US20150040030A1 - Overlay canvas for computer program applications - Google Patents

Overlay canvas for computer program applications Download PDF

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US20150040030A1
US20150040030A1 US14/325,487 US201414325487A US2015040030A1 US 20150040030 A1 US20150040030 A1 US 20150040030A1 US 201414325487 A US201414325487 A US 201414325487A US 2015040030 A1 US2015040030 A1 US 2015040030A1
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overlay
data
canvas
overlay canvas
interface
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US10108739B2 (en
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Carson Artz
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Carson Artz
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    • G06F17/30905
    • GPHYSICS
    • G06COMPUTING; CALCULATING; COUNTING
    • G06FELECTRIC DIGITAL DATA PROCESSING
    • G06F16/00Information retrieval; Database structures therefor; File system structures therefor
    • G06F16/90Details of database functions independent of the retrieved data types
    • G06F16/95Retrieval from the web
    • G06F16/957Browsing optimisation, e.g. caching or content distillation
    • G06F16/9577Optimising the visualization of content, e.g. distillation of HTML documents
    • GPHYSICS
    • G06COMPUTING; CALCULATING; COUNTING
    • G06FELECTRIC DIGITAL DATA PROCESSING
    • G06F3/00Input arrangements for transferring data to be processed into a form capable of being handled by the computer; Output arrangements for transferring data from processing unit to output unit, e.g. interface arrangements
    • G06F3/01Input arrangements or combined input and output arrangements for interaction between user and computer
    • G06F3/048Interaction techniques based on graphical user interfaces [GUI]
    • G06F3/0481Interaction techniques based on graphical user interfaces [GUI] based on specific properties of the displayed interaction object or a metaphor-based environment, e.g. interaction with desktop elements like windows or icons, or assisted by a cursor's changing behaviour or appearance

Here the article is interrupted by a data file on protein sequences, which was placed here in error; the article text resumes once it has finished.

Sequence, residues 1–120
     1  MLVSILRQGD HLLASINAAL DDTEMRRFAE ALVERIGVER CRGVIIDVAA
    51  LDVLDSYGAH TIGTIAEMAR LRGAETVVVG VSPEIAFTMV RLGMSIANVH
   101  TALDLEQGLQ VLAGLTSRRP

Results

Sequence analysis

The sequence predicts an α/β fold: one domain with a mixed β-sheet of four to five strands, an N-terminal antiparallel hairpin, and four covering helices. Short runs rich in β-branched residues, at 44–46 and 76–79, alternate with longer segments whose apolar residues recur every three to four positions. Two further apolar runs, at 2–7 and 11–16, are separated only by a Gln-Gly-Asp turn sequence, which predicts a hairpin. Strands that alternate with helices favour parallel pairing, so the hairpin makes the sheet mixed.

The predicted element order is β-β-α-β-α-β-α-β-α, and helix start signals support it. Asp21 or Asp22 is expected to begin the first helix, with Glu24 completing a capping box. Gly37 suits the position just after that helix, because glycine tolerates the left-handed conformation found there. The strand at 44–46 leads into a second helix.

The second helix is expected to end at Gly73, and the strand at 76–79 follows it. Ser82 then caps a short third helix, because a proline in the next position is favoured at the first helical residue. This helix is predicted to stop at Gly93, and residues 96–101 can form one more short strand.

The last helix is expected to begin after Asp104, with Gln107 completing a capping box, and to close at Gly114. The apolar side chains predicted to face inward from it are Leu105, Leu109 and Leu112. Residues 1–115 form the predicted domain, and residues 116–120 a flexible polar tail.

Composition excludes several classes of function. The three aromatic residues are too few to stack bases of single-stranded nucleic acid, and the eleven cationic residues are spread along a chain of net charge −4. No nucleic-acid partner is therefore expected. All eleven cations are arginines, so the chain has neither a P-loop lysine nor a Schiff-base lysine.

• GPHYSICS
    • G06COMPUTING; CALCULATING; COUNTING
    • G06FELECTRIC DIGITAL DATA PROCESSING
    • G06F3/00Input arrangements for transferring data to be processed into a form capable of being handled by the computer; Output arrangements for transferring data from processing unit to output unit, e.g. interface arrangements
    • G06F3/01Input arrangements or combined input and output arrangements for interaction between user and computer
    • G06F3/048Interaction techniques based on graphical user interfaces [GUI]
    • G06F3/0484Interaction techniques based on graphical user interfaces [GUI] for the control of specific functions or operations, e.g. selecting or manipulating an object or an image, setting a parameter value or selecting a range
    • G06F3/04842Selection of a displayed object
    • GPHYSICS
    • G06COMPUTING; CALCULATING; COUNTING
    • G06FELECTRIC DIGITAL DATA PROCESSING
    • G06F3/00Input arrangements for transferring data to be processed into a form capable of being handled by the computer; Output arrangements for transferring data from processing unit to output unit, e.g. interface arrangements
    • G06F3/01Input arrangements or combined input and output arrangements for interaction between user and computer
    • G06F3/048Interaction techniques based on graphical user interfaces [GUI]
    • G06F3/0484Interaction techniques based on graphical user interfaces [GUI] for the control of specific functions or operations, e.g. selecting or manipulating an object or an image, setting a parameter value or selecting a range
    • G06F3/0486Drag-and-drop

Abstract

Research or background study for many creative endeavors often utilizes research methods that include browsing information online. Such is typically accomplished via a web browser. An overlay canvas can be provided over an interface associated with the browser that can be employed to store not only content associated with data presented by the browser but also context associated with that data as well as with the particular creative endeavor.

Description

    CROSS-REFERENCE TO RELATED APPLICATIONS
  • This application claims the benefit of U.S. Provisional Patent Application Ser. No. 61/860,589 filed on Jul. 31, 2013 and entitled, “OVERLAY CANVAS FOR COMPUTER PROGRAM APPLICATIONS.” The entirety of this application is incorporated herein by reference.
  • TECHNICAL FIELD
  • This disclosure generally relates to a modifiable canvas that overlays a user interface associated with an application running on a device.
  • BACKGROUND